"In effect, every legal constitution is the product of a revolution. In the history of classes, revolution is the act of political creation while legislation is the political expression of the life of a society that has already come into being. Work for legal reforms does not itself contain its own driving force independent from revolution. During every historical period, work for reforms is carried on only in the direction given it by the impetus of the last revolution, and continues as long as that impulsion continues to make itself felt. Or, to put it more concretely, it is carried on only in the framework of the social form created by the last revolution. Precisely here is the kernel of the problem".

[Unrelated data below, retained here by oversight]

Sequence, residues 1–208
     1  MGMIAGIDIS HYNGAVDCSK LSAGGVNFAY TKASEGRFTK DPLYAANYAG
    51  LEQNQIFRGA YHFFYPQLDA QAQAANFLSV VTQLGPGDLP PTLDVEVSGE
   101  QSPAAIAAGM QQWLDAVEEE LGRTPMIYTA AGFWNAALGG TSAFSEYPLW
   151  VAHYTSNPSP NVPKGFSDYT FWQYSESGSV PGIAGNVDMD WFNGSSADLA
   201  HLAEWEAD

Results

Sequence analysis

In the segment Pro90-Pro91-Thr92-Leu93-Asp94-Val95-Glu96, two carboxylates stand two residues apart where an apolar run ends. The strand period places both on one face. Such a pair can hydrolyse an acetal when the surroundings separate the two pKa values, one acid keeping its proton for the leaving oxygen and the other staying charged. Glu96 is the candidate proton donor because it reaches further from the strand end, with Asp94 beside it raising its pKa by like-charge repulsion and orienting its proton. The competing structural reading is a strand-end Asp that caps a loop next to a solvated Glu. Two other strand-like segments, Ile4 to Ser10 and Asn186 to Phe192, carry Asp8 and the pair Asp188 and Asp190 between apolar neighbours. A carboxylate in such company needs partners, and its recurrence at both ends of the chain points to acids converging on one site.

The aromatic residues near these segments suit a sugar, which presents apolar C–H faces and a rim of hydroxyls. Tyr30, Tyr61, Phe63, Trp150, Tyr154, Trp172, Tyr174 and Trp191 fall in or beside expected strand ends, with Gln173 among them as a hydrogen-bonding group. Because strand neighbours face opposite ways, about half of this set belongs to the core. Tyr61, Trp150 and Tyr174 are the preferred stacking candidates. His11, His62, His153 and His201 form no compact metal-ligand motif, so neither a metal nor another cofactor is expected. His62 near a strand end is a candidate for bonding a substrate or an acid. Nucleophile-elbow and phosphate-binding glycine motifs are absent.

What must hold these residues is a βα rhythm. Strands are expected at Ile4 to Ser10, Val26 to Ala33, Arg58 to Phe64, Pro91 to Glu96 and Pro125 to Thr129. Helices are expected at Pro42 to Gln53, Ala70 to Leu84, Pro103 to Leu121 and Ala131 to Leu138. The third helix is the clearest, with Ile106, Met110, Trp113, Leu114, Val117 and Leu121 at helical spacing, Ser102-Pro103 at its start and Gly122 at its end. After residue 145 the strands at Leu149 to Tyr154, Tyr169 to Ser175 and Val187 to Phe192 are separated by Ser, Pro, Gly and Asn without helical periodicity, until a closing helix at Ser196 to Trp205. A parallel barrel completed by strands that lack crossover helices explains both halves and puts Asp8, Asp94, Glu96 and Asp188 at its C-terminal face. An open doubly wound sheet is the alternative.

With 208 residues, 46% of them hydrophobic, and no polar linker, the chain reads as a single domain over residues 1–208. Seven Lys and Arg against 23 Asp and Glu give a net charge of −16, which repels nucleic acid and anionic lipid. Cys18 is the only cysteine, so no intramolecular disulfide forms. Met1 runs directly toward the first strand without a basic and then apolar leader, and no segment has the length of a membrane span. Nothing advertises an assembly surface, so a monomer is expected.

The problem with philosophical positioning is one can either become a monist or a dualist; there is no middle ground and accordingly there cannot be a 'left of the centre' ground. On the other hand, political journey demands a continuous alertness from falling into the left anarchism and the right revisionism. Bernstein made a conscious choice for monistic revisionism.
Rosa Luxemburg summarised brilliantly Bernstein's parliamentarian social democratic path, in the following words—
"Just as all roads lead to Rome, so, too, we logically arrive at the conclusion that the revisionist proposal to abandon the ultimate goal of socialism is really a recommendation to renounce the socialist movement itself that its advice to Social Democracy, "to go to sleep" in the case of the conquest of power, is identical with the advice: to go to sleep now and forever, i.e., to give up the class struggle".